Despite that, happily, it didn’t matter: Even though the show had to go up against NBC’s returning “The Voice” (which hit a 3.8 rating in the 18-49 demo) and not the weak-rated “Parks and Recreation” (1.15 last week) — which was pushed into the 10 p.m. hour — FOTB maintained its 1.9 rating (how is that possible?!). Hey, even “Master Chef Junior’s” finale couldn’t beat it (1.6). Our show’s a solid performer!

Ken Leung (center) in a scene from "The Night Shift."

Ken Leung (center) in a scene from “The Night Shift.”

“The Night Shift.” Ken Leung (as Miles Straum he could “talk to the dead” in “Lost”) returned in this Monday night NBC hospital drama as Dr. Topher Zia. Like Tim Kang, Leung’s third billed (in a cast of eight) and also behind a romantic couple — T.C. Callahan (Eoin Macken) and Jordan Alexander (Jill Flint).

What was nice about this Season 2 opener is that Jack Yang (who played Lucy Liu’s love interest in ABC’s “Cashmere Mafia” and set social media ablaze with the question, “Is that the first time we’ve seen a young Asian couple kiss on TV?”) guest-starred as a motorcyclist who gets into an accident and winds up with a metal rod through his head and his white wife’s. Thankfully they both survive, though his language center is affected and he only knows Mandarin and has to relearn English all over again!

A veteran learns she has cancer but doesn’t have insurance, so T.C. secretly pays a surgeon $15,000 and sells his motorcycle to cover for the surgery. Topher displays his warm side, pointing out what a great guy T.C. is, hugging him and saying, “I love you, bro!” And that’s after reassuring a usually by-the-book hospital administrator that he didn’t make a huge mistake by authorizing an operation that opened the institution to a lawsuit. To illustrate this, Topher points to a relieved daughter, who now has her dad back.

Based on previews for next week’s show, we’ll see more male bonding between T.C. and Topher. “Night Shift” airs Monday nights at 10 p.m.

“Stalker.” After a new stalker takes an unhealthy interest in Lt. Beth Davis (Maggie Q), he teams up with her original stalker, a former boyfriend who burned down her family’s home (he intended to save them to show what a good guy he was and to get back into their good graces) and killed her family. Now, her old lover’s kidnapped her with her team hot on his trail. The CBS drama airs Wednesdays at 10 p.m.

“Elementary.” After moving out of the brownstone of Sherlock Holmes to get her own space and open her own private detective agency, Joan Watson (Lucy Liu) has to deal with one of her enemies fatally poisoning her boyfriend Andrew (Raza Jaffrey, a South Asian Brit who played Katharine McPhee’s boyfriend in “Smash” and was so stupidly written I cheered when he was written out of the second season; he made for another boring boyfriend here) with whom she was breaking up. Watson decides to embrace being a detective, believing she can no longer have a normal life. She moves back into the brownstone but into the basement so she can maintain some personal and psychic space. The show airs Thursdays at 10 p.m.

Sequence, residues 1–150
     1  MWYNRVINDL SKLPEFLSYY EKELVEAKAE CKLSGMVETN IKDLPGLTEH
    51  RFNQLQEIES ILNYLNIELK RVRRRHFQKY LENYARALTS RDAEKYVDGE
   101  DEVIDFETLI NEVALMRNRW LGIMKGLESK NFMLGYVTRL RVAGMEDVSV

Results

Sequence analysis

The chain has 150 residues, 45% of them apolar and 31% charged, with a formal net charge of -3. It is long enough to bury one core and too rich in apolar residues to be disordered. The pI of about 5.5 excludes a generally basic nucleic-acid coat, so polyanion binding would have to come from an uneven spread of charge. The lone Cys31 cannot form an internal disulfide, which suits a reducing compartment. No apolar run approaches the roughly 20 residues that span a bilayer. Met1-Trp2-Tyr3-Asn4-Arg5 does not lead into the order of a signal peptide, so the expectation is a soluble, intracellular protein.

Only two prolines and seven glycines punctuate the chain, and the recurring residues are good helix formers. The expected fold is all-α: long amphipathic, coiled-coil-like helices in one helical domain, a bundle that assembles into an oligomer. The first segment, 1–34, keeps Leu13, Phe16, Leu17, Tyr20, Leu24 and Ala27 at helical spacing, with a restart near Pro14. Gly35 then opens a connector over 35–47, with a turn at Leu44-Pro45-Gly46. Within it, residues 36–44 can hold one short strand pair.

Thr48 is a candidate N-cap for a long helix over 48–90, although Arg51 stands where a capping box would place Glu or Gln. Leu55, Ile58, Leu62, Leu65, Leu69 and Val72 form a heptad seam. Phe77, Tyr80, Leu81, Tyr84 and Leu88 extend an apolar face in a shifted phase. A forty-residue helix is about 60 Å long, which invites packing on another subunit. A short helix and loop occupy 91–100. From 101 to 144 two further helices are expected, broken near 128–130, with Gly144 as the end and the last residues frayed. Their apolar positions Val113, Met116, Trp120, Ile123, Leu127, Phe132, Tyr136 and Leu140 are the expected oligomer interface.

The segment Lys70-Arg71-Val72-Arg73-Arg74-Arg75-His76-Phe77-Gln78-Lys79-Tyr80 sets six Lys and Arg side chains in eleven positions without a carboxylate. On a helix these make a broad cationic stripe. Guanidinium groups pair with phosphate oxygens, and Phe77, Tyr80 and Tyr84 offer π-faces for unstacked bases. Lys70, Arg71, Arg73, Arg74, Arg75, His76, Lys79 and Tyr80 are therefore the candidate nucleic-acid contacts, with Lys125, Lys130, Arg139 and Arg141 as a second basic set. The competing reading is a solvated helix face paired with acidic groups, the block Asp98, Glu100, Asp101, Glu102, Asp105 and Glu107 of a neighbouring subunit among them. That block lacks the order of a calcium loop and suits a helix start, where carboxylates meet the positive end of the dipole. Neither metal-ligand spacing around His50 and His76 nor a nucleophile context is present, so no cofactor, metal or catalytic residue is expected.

“Marvel’s Agents of S.H.I.E.L.D.” If all of that’s not enough, this series returns next Tuesday with Skye (Chloe Bennet), who’d just learned she is half Chinese, finding out she’s also part alien with earthquake powers. This will lead to another revelation that she’s part of a group known as the Inhumans. Marvel’s scheduled a motion picture of the same name for late 2018, which makes me wonder if she’ll be the only actor from this television show besides Clark Gregg (Agent Coulson) who’ll actually make the big jump to Marvel’s superhero movies.

But how do you vamp for 3½ years and keep that superhero group under wraps for that long in a weekly television series?

Plug Department: I’m quoted in this week’s L.A. Weekly cover story on the lack of diversity in the television and motion picture industries.

Arigato Department: Thanks to Louise Sakamoto for inviting me to speak to the Greater L.A. chapter of the JACL. More people turned out than expected, and it’s always a pleasant surprise to meet older people who enjoy my column. I’d planned on dividing my talk into three sections: My redress and media activism, the MANAA video, and my pop music background: helping Donny Osmond make his comeback in 1989, and working with Casey Kasem and Dick Clark.

But the first part took longer than expected (I should’ve known), so I had to give the last section short shrift. It was good to see people like James Ito (whom I hadn’t seen in years) and Iku Kiriyama.

’Til next time, keep your eyes and ears open.

Guy Aoki, co-founder of the Media Action Network for Asian Americans, writes from Glendale. He can be reached at [email protected] Opinions expressed in this column are not necessarily those of The Rafu Shimpo.